February 24: Four civilians were killed and at least 50 persons were injured in clashes between JeI-ICS cadres and the Police in Singair sub-District, Manikganj District, during a dawn-to-duskhartal.
February 15: Three JeI-ICS cadres were killed and another 50 were injured during a gun battle between JeI-ICS cadres and Police in Cox's Bazar town.
February 5: In Chittagong District, three persons, including two ICS cadres, were killed during a clash with Police. Police arrested 15 ICS cadres from the District.
January 31: In Bogra town of Bogra District, four JeI-ICS cadres were killed in a clash with the Police.
As SAIR noted earlier, the Tribunals have indicted 10 high-profile political figures, including eight JeI leaders and two Bangladesh Nationalist Party (BNP) lawmakers.
The rising cycle of protests and counter-protests, compounded by escalating violence and threats of greater violence, have created apprehensions that the situation in Bangladesh, which had improved on a wide range of parameters over the past years, may once again hurtle towards instability. The business community – including the Federation of Bangladesh Chambers of Commerce and Industry (FBCCI), Bangladesh Garment Manufacturers and Exporters Association (BGMEA) and Bangladesh Knitwear Manufacturers and Exporters Association (BKMEA) – on February 23, 2013, expressed their deep concern over frequent hartal calls and requested the political parties concerned to call off countrywide daylong hartals for the greater interest of the national economy. The fear of JeI-ICS as well as other radical Islamist groupings provoking wider destabilization and armed violence, has already triggered a stream of refugees into India through the border District of Malda in West Bengal. Border Security Force (BSF) officials at the Mahadipur (Malda District) Check Post have stated that they had not seen such an exodus in years. Even Awami League (AL) members were among those seeking refuge in India.
Evidently, the Islamist extremist forces under the leadership of the JeI-ICS, have no intention to give up without a fight. With election due in December 2013, or at the latest, by mid-January 2014, it is inevitable that a last ditch confrontation will be sought. Another term for Sheikh Hasina Wajed would leave little possibility of the survival of the top Islamist extremist leadership in Bangladesh, most of whom were collaborators and perpetrators in the War Crimes of 1971, and at least ten among whom are currently arraigned before the ICT. It is significant that groups such as the Jamaat ul Mujahideen Bangladesh (JMB) and the Jagrata Muslim Janata Bangladesh (JMJB) virtually collapsed after their top leaders were sent to the gallows. The JeI-ICS combine has flourished because of significant state protection under past regimes, and was, in fact, a coalition partner in the BNP-led Government that preceded the current AL led administration. The Islamist right in Bangladesh has flourished, essentially, under an umbrella of impunity, and it seeks to restore a regime that would, once again, provide such impunity, recognizing clearly that this is a race against time.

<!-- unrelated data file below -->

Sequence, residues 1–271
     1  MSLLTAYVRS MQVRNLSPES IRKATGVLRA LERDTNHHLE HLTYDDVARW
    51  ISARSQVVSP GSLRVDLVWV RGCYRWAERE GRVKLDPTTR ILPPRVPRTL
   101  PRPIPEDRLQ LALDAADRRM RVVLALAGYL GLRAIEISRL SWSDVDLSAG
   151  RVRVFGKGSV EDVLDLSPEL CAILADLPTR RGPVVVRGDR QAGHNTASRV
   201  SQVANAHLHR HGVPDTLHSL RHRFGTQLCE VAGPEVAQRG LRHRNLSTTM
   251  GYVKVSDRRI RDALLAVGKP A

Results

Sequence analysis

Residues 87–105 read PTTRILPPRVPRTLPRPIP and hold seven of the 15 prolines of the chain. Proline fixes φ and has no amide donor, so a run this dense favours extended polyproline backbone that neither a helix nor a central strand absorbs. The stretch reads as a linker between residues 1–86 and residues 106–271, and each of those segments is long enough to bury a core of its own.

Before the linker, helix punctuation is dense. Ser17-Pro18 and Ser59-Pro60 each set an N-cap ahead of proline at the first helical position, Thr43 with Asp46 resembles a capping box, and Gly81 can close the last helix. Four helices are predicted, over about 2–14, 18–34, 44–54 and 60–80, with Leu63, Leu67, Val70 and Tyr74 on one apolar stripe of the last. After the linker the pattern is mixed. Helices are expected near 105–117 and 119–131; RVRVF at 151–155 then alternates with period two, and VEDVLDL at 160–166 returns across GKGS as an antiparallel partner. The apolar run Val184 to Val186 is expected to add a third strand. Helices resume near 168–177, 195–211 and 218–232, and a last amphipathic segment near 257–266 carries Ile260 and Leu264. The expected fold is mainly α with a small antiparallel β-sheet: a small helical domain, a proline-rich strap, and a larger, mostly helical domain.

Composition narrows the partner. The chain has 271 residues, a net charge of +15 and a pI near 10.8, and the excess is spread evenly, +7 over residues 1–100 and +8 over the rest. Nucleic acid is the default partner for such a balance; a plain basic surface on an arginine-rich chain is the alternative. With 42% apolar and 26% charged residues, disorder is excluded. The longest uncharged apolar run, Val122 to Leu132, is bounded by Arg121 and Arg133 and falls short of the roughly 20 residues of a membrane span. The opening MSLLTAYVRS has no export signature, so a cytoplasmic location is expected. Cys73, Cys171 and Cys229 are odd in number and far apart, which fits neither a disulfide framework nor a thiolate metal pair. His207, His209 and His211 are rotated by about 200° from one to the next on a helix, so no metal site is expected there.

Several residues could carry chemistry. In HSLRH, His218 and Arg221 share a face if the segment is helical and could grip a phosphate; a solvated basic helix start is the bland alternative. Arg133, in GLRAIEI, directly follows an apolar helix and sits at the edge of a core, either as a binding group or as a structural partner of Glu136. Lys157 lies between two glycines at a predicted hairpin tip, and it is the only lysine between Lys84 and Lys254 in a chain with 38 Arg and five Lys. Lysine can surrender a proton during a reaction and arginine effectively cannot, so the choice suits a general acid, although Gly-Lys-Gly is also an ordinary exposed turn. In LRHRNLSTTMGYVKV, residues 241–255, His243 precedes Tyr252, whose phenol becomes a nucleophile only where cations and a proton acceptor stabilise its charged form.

It is equally evident that the Sheikh Hasina regime has recognized the imperatives of swift and determined action. On February 17, 2013, Parliament amended the ICT Act of 1973, allowing the Government to prosecute organizations along with individuals for wartime atrocities, thus paving the way for prosecution of political parties such as JeI. On February 19, 2013, Information Minister Hasanul Haq Inu reiterated, "JeI has no right to carry out their politics as they are opponents of democracy", and urged the Government to ban JeI-ICS politics and ensures the trial of war criminals.
The Government’s efforts to de-radicalize Bangladesh, and to consolidate its secular commitments have already won significant success, reining in Islamist extremist groups such as JeI, ICS, JMB, Hizb-ut-Tahrir (HuT), and Hizb-ut-Towhid (HT). The residual capacities of some of these groups – demonstrated in the street violence of the past weeks – are clearly significant. There is a danger, moreover, of armed escalation, potentially backed by foreign terrorist formations. On February 27, 2013, Home Minister Muhiuddin Khan Alamgir, thus noted, “Pakistan-based Lashkar-e-Toiba (LeT) is active in Bangladesh and law enforcement agencies tracked down their network and kept them under sharp security vigil. It is the moral and legal obligation of the Government to uproot them totally."
‘Totally uprooting’ Islamist extremist and terrorist formations in Bangladesh cannot be an easy task. These groupings and the ideologies of violence and hatred that they propagate, have been entrenched over decades of implicit or explicit state complicity – or, minimally, in some phases, tolerance. As the AL led Government gears up for a final confrontation, it is natural to expect these formations to rally their fullest forces in a fight that may well be for their very survival. There are many uncertainties in the present confrontation, but the one certainty is that there will be a further escalation of violence in Bangladesh over the coming months, certainly till the next General Elections are accomplished.
(The writer S. Binodkumar Singh is Research Associate, Institute for Conflict Management)
(The view expressed in the article is of the author and not India Blooms News Service)